Compensation Tools to Address Retention Challenges of the COVID Recovery World

By Marco Pizzitola, Erin Bass-Goldberg


The nature of work has shifted rapidly over the past 18 months – and with it, battle lines in the war for talent. Pandemic actions that were initially implemented for safety, primarily work-from-anywhere policies, have fundamentally changed how employees view their relationships with employers. In this new environment, employees are giving serious thought to what they want out of their work lives. This period of intense reflection – combined with rapid, yet unequal, recent economic recovery and labor market imbalance – is threatening the stability of companies’ workforces.

Despite continuing threats from the Delta variant, recovery plans are underway, and therefore talent retention remains critical. With risks at every level of the organization – leadership and below – maintaining team continuity, particularly for top talent with “hot skills,” requires thoughtful and decisive action. Compensation is one of many tools that can be used to support talent retention and attraction in the “COVID recovery” environment.

What are the new challenges in the war for talent?
  • Soul-Searching and Resetting of Priorities
    • Changes in daily working routines sparked opportunity for reflection. As employees transformed their work and home lives, many are taking time to “soul search,” evaluating whether their current positions are meeting the wants and needs of themselves and their families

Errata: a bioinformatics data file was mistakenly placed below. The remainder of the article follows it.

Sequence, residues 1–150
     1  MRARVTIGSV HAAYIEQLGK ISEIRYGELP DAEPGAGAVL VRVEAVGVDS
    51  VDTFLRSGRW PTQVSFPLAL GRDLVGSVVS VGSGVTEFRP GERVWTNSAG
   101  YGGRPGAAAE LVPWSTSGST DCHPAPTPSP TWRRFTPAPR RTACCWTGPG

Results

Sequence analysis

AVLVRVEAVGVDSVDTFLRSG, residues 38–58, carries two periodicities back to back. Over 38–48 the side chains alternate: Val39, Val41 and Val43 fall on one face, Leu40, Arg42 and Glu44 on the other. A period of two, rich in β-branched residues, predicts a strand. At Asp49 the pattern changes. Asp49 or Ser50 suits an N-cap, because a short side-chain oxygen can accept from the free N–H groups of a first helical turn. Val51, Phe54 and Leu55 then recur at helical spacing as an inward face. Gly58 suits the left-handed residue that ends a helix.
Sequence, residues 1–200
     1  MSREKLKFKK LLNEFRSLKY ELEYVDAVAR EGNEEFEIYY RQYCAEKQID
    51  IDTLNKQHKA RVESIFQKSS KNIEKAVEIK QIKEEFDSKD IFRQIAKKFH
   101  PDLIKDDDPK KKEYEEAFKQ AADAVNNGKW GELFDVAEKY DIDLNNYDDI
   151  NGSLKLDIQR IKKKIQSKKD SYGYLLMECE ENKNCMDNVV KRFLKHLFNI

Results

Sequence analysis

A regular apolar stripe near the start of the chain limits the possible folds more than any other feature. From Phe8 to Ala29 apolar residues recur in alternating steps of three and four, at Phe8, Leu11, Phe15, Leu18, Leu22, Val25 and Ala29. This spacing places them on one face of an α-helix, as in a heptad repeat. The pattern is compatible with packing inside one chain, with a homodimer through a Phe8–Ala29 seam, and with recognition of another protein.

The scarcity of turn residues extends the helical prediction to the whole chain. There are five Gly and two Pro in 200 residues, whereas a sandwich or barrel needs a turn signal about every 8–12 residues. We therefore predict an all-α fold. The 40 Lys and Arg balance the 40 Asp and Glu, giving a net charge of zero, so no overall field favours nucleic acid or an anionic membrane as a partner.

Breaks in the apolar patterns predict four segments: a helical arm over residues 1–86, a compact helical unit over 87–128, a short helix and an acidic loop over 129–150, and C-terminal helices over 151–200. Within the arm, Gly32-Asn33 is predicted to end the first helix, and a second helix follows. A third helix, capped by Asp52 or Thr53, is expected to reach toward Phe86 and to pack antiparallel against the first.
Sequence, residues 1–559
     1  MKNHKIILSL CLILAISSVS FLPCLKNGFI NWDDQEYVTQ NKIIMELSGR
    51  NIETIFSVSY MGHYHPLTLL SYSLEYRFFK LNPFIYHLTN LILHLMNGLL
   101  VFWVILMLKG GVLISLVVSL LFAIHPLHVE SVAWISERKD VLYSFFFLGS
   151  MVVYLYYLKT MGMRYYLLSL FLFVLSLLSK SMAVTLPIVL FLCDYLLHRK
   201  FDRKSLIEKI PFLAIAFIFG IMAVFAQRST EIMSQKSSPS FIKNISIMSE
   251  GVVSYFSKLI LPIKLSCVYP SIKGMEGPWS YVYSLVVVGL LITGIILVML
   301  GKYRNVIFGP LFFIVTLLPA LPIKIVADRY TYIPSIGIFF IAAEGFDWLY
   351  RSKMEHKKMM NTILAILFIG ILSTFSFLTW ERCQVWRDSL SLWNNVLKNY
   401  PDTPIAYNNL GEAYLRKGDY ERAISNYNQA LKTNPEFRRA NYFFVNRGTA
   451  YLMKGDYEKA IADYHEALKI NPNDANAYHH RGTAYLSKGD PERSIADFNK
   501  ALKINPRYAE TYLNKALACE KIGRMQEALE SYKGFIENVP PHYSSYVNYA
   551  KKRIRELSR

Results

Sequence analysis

• Increased flexibility in core working hours, less time spent commuting, and increased time with the family is resetting what people like or dislike about their roles, or which aspects are truly high-priority
    • What drew someone to a role in the first place may have lost its luster during the pandemic. With soul-searching leading to revised priorities, employees may be looking for roles that are better cultural fits with a compelling employee value proposition
  • Increasing Demand for Talent at Every Level and Among Talent with Hot Skills
    • As the economy heats up, the “pull” of the job market increases attrition risk. Layoffs that occurred early in the pandemic are exacerbating the shortage as companies fight to build back staff
    • The pandemic has also increased the rate of retirement,1 heating up demand for experienced hires for mid- and senior-level roles
    • Additionally, the lines between various industries are blurring as many companies look outside of their own business sector for talent. Companies across industries are competing for talent with digital, engineering, data analytics and/or supply chain skills deemed necessary to support business model transformation, establish competitive advantage and drive innovation
    • The depth and breadth of retention challenges suggest that the issue is not entitlement-driven or the result of temporarily reduced top-level salary and incentives, but driven by deeper motivations about finding the right culture fit or work-life balance
  • Digitization of the Talent Market
    • The forced migration to remote work is turbocharging the talent market. Launched to keep employees productive despite not being in the office, work-from-home policies are ironically making it easier for staffing agencies and executive search firms to connect with new candidates